A Mini Rant on Catered Events

On Wednesday night, I performed at an awards ceremony for a great social service organization. The event organizers were generous enough to invite us to the pre-ceremony reception, and encouraged us to eat, drink, and be merry. Yes, please! Yet, when I started traversing the reception floor–nearly knocking 12 things over, mind you–I was baffled and disappointed to find that absolutely none of the food had any labels. Now, this might be fine and dandy for most people in the room. They don’t need to know every ingredient in a dish, and are perfectly safe filling their plate. Unfortunately, I don’t have that luxury.

In such circumstances, I usually can find some safe dishes, but always bypass the dessert table. Yet, at this event, the dishes were so obviously complex that even taking a piece of chicken seemed risky. At every turn, I worried that something had a peanut glaze, the fried foods were fried in peanut oil, that nuts could be lurking in the salad. And you know what, I was right to be worried. A friend (without allergies) starting eating some fancy cole-slaw dish (served in martini glass, mind you), and immediately said “Oh yah – there are totally nuts in this!”

Now, I know that I can’t expect a full list of ingredients written on a card next to the food, nor can I expect that the servers will be able to accurately tell me if a dish has a certain allergen (they really don’t have the time or knowledge base to do that). However, it would be easy enough to identify dishes that do have common allergens, and simply put up a little placard next to the dish that says, “contains nuts” or “has dairy ingredients.”  I know I’ll never be able to feel completely comfortable at catered events like these (unless I’m the one that’s planning the menu and ordering the food, which I do quite frequently), but really, catering companies should really jump on this dietary-restrictions-are-a-big-deal bandwagon. A little more thought and planning might lead to safer and more enjoyable experiences for guests with dietary restrictions. As it was, I filled up on pineapple chunks, grapes and some crackers. Sigh.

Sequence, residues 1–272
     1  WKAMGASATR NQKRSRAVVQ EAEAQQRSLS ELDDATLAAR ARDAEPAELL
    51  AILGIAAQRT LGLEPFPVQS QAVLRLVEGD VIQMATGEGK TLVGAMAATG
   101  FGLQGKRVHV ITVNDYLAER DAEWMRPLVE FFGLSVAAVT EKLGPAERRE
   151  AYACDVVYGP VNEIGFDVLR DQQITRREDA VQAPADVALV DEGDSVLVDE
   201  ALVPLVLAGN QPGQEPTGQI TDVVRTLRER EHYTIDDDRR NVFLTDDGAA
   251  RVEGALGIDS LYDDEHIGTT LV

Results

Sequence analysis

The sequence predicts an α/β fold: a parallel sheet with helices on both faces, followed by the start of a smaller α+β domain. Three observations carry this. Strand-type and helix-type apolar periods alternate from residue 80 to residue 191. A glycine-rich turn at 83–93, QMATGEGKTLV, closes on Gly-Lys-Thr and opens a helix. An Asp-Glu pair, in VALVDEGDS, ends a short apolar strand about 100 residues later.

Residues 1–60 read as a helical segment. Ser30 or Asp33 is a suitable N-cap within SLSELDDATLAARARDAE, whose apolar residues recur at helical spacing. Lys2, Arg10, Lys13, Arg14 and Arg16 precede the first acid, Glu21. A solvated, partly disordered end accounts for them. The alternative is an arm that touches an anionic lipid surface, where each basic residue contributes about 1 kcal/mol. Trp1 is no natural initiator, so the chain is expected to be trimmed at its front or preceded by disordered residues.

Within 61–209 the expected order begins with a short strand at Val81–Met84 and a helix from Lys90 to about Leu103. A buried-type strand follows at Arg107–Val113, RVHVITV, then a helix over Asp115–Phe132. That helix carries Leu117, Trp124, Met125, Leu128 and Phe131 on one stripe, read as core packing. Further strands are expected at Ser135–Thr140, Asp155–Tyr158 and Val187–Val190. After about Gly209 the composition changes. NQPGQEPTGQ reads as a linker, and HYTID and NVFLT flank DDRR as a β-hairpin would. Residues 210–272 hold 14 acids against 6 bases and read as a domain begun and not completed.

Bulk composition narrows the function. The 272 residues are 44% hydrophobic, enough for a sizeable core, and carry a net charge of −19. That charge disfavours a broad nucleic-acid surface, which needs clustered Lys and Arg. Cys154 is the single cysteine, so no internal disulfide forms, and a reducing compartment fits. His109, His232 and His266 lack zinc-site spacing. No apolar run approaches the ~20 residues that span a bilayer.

3 thoughts on “A Mini Rant on Catered Events

  1. I can totally commiserate! I agree that caterers should be more sensitive about food allergens. The problem is also that frequently the event’s waitstaff can’t even tell you what’s in the food since they didn’t prepare it 😦 I had this problem in even planning my wedding last year. I told our caterer at least 600 times what my food allergies were and she kept mixing them up.

  2. I find that this happens at fancier restaurants too – peanut glaze, peanut sauce, peanuts peanuts peanuts. Sesame, too. I don’t go to many catered events, but recently, I was at the buffet/salad bar at Whole Foods, where they stick a card listing ingredients next to each item. I saw an item that obviously contained nuts, but it wasn’t even listed on the ingredients. Scary.

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